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Schmaltz?

How do you make it? How do you use it?

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  1. Rendered chicken fat...

    Making - take chicken fat and render over a slow heat.

    Use - like you would bacon fat for frying and flavoring.

    5 Replies
    1. re: dave_c

      Some people add some onion slices once there's enough rendered fat in the pan so they won't burn. While it isn't proper schmaltz, I save the fat layer removed from the top of chilled home-made chicken stock/broth and use it as one would schmaltz. Because of the vegetables used in stockmaking, this is very flavorful fat even though it hasn't been browned. It works as well as schmaltz does in making chopped liver.

      1. re: greygarious

        grey,
        I always see that layer when I cook stuff in the slow cooker and cool it down for defatting. I will save it from now on and tyr to cook with it.

        1. re: lilmomma

          recently cooked scrambled eggs in schmaltz and they were heavenly.

        2. re: greygarious

          This is what I use for schmaltz as well. After I remove the solid pieces of fat from the top of the stock, I melt it down again in a saucepan, simmer for a while, and then strain it into a jar through a mesh strainer or cheese cloth to remove any little bits that are left. I do the simmering part (instead of just melting) to brown it a little bit. It's pretty much the same thing as traditional schmaltz,except with the added flavor of the stock vegetables, which I like. I use it mostly in potato kugel (it's the thing that makes it extra delicious) and matzah balls.

          1. re: greygarious

            "While it isn't proper schmaltz"- I don't follow how it is not proper schmaltz. I've read that any Eastern Euro Jewish mother years ago would have cooled chicken soup to skim before re-heating. And saved the fat for use in cooking. I think of it as water rendering.

        3. Chop up your chicken trimmings (fat and skin) and slowly render in a pot over medium heat. You must keep the meat low to avoid burning the fat, but with patience, you'll find the skin turns crunchy and brown with time while the fat remains light. That's when you're good to go. Strain out the crunchy chicken nubbins (gribenes) and store your schmaltz in the refrigerator for up to a week. Use it to cook chicken livers. Drizzle it over potato pancakes. Go hog wild (without the hog).

          2 Replies
          1. re: JungMann

            I add a small amount of water to the pan to help the fat render more slowly without burning. The longer you can render, the more fat will come off the skin. I skip the onions in the schmaltz, but I'll frequently fry onions in schmaltz. The gribenes are pure heaven with just a sprinkling of kosher salt.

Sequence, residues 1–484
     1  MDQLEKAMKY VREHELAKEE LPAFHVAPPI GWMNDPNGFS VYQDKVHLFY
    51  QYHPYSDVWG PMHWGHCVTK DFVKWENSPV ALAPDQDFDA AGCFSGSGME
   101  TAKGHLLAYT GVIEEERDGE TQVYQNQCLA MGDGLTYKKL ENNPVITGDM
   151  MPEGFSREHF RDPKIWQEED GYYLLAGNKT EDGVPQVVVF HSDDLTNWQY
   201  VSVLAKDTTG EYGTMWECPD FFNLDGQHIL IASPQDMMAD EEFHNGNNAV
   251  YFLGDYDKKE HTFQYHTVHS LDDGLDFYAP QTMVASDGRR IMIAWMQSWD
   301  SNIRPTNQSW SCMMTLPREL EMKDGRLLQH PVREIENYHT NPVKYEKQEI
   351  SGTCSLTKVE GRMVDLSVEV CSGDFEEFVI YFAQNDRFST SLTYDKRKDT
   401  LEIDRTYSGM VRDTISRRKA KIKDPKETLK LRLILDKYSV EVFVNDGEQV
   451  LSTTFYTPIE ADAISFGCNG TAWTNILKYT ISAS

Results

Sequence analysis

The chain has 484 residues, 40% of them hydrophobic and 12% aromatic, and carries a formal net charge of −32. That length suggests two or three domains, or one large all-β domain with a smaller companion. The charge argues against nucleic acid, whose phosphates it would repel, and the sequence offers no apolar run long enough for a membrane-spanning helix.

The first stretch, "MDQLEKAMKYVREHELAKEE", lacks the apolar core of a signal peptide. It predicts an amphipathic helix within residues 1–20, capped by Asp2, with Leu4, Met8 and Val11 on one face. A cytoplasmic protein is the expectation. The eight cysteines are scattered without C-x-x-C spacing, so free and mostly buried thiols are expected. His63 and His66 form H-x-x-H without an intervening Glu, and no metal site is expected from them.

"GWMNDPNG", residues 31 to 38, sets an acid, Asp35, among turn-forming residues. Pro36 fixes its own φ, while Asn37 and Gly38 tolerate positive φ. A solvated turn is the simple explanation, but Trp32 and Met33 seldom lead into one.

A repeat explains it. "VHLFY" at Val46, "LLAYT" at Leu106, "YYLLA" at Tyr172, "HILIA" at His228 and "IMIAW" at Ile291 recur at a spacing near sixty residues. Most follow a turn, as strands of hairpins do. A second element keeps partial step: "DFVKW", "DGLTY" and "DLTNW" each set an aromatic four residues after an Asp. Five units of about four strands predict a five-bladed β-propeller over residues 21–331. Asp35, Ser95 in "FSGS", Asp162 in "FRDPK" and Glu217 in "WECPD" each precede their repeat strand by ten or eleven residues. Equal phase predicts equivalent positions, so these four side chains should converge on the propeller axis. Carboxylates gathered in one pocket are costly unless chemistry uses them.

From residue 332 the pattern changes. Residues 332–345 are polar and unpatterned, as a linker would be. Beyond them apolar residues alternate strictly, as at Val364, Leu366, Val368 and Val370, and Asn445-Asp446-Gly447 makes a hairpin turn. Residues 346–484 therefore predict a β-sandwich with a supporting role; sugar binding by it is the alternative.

My main uses for schmaltz are as the fat in mashed potatoes and in making chopped liver. I've successfully frozen schmaltz for quite a long while and you can also collect up the raw chicken skin and fat in the freezer until you have enough to bother with the rendering.

            1. re: JungMann

              you can freeze any kind of rendered animal fat about forever.

            2. I pretty much do what rockycat does. Chop up fat and skin, add a couple tablespoons of water and then render slowly on low heat. Be patient and after a while, all the water will boil out and the bubbles will become much smaller and the fat will become a clear golden color. When this happens and the skin just begins to show any color, I add a sliced onion (1 per 5-8 lbs of fat) and then when the skin and onion are golden brown, I take off heat and strain (preferably through cheesecloth but I don't always bother). It last forever in the freezer and for months in the fridge. And with the onions, it gives a delicious hint of sweetness to whatever you cook. I use it for eggs, potatos, pan basting a steak, brussel sprouts, etc. And the best use is as the secret ingredient in fried matza for Passover. Use it to fry the matza then add an extra dollop right at the end. And of course--save the skin and onions. Gribenes are amazing. If they aren't crispy enough, slowly bake them at 250 until they crisp up. These can also be frozen. Once crispy, they are great on their own or as a replacement of lardons in anything (good on salad, in lentils, in scrambled eggs). Here is a photo of my last batch of gribenes.

               
              1. Some great ideas here, rendered all the more palatable because they're economical as well as gastronomical. BUT, be careful about storing both unrendered and rendered - schmalzed, if you will - fat of any kind in the freezer. Keep it in there too long and it'll impart a "tired" flavor to whatever you cook it with. Try to use it within 45-60 days, max, and you'll avoid the problem, and no, using freezer bags a/o paper won't help either. Even in the freezer, food just goes bad after a while. Schmeckt's gut? Viel besser, Fressers!